This doomy twofer from Hydro-Phonic Records plants a veritable garden of unearthly delights in bringing together Brazilian doom outfits Witching Altar and Necro and highlighting the similarities and the differences between them. Pressed to CD late in 2015 with vinyl impending, it offers four cuts from Witching Altar, whose take on doom is ultra-traditional to the point of working in a Sabbathian “All right now!” for “She Rides the Seventh Beast,” and three from Necro (shortened from Necronomicon), a yet-unheralded trio of ‘70s progressive traditionalists who offer up the new single “Contact” and two tracks revisited from their two to-date full-lengths. Both prove immersive in their own right, Witching Altar setting a course for weird quickly on “The Monolith” which some theremin that reappears later, and Necro vibing out on the warm bassline of “Holy Planet Yamoth,” but each has their own ideas about what makes classic doom so classic, and the arguments on both sides are persuasive.

Necro on Thee Facebooks

Witching Altar on Thee Facebooks

Hydro-Phonic Records

Stone Machine Electric, The Amazing Terror

stone machine electric the amazing terror

One never knows quite what to expect from Texas two-piece Stone Machine Electric, and that seems to be precisely how the duo of guitarist William “Dub” Irvin and drummer/thereminist Mark Kitchens like it. The Amazing Terror is something of a stopgap EP, released on CDR by the band as a follow-up to late-2014’s Garage Tape (review here) and a lead-in for their next full-length, reportedly recorded last month with Wo Fat’s Kent Stump at the helm. Taken from the Garage Tape sessions, The Amazing Terror makes a standout of its languid, jammy title-track and surrounds it by three more instances of the band’s exploratory ideology, delving into the quietly cosmic on “Before the Dream” and feeding a cyclical delay expanse on closer “Passage of Fire,” a likely companion-piece to the opening “Becoming Fire,” which may or may not play thematically into where Stone Machine Electric are headed with their next record. As always with these guys, I wouldn’t dare place a bet either way and look like a fool on the other side.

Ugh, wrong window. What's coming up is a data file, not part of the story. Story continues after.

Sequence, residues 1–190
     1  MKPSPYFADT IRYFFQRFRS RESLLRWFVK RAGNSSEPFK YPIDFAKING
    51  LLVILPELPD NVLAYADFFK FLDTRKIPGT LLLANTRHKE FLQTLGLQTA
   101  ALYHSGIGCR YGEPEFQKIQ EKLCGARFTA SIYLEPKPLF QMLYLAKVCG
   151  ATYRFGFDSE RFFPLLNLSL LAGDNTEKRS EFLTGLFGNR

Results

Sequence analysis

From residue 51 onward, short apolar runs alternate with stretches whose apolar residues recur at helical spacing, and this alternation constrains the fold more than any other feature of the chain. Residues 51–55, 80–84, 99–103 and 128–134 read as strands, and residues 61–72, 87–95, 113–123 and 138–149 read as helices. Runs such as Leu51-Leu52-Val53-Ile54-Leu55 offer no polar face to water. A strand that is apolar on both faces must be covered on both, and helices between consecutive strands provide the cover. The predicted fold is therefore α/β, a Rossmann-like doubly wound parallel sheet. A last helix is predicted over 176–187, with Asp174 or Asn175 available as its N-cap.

Stone Machine Electric on Thee Facebooks

Stone Machine Electric on Bandcamp

Pale Horseman, Bless the Destroyer

pale horseman bless the destroyer

Chicago post-sludgers Pale Horseman featured a remix by Justin K. Broadrick (Godflesh/Jesu), originally on their 2013 self-titled debut, on their second outing, 2014’s Mourn the Black Lotus (review here), and their third full-length, Bless the Destroyer, boasts a mixing job by Noah Landis of Neurosis. All three records were also recorded by Bongripper guitarist Dennis Pleckham, so it seems fair to say that Pale Horseman know who they want to work with and why. The results on Bless the Destroyer speak for themselves. With the 15-minute penultimate cut “Bastard Child” as an obvious focal point, the four-piece give a clear sense of progression in terms of their patience and overall range. The earlier “Caverns of the Templar” still boasts plenty of post-Godflesh chugging intensity – elements of death metal, see also centerpiece “Pineal Awakening” – but closer “Olduvai Gorge” sleeks along with a poise that even in 2013 Pale Horseman would’ve driven into the ground on their way to doing the same to everything else in their path. Their growth has made their approach more individual, and it suits them well.

Pale Horseman on Thee Facebooks

Pale Horseman on Bandcamp

Yo, Moreno, Yo, Moreno EP

yo moreno yo moreno ep